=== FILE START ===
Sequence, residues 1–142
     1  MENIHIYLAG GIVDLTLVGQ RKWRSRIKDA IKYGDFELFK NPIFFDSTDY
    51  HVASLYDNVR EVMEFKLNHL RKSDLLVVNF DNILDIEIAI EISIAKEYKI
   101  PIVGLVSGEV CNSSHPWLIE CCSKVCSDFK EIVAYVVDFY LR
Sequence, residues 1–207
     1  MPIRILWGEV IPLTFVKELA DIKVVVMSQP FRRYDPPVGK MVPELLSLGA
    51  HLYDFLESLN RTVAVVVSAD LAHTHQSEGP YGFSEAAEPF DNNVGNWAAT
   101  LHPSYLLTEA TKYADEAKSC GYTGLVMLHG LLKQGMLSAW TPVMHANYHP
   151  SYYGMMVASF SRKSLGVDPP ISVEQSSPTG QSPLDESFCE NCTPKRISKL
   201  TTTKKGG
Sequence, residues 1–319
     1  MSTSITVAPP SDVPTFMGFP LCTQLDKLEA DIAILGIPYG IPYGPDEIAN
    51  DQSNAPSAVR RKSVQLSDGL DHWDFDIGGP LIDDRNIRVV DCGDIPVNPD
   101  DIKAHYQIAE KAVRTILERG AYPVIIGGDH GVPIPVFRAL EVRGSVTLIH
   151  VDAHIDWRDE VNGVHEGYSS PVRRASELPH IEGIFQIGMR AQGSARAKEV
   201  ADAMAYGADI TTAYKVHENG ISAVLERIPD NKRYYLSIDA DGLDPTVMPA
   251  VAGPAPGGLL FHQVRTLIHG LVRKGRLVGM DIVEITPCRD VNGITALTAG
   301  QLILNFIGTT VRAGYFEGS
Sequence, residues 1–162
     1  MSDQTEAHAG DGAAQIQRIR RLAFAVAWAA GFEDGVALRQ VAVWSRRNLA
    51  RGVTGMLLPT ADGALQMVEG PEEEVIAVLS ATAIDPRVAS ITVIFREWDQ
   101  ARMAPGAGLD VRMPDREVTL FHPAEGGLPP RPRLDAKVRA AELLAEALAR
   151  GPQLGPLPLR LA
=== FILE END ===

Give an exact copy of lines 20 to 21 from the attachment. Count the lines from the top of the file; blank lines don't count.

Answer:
     1  MSDQTEAHAG DGAAQIQRIR RLAFAVAWAA GFEDGVALRQ VAVWSRRNLA
    51  RGVTGMLLPT ADGALQMVEG PEEEVIAVLS ATAIDPRVAS ITVIFREWDQ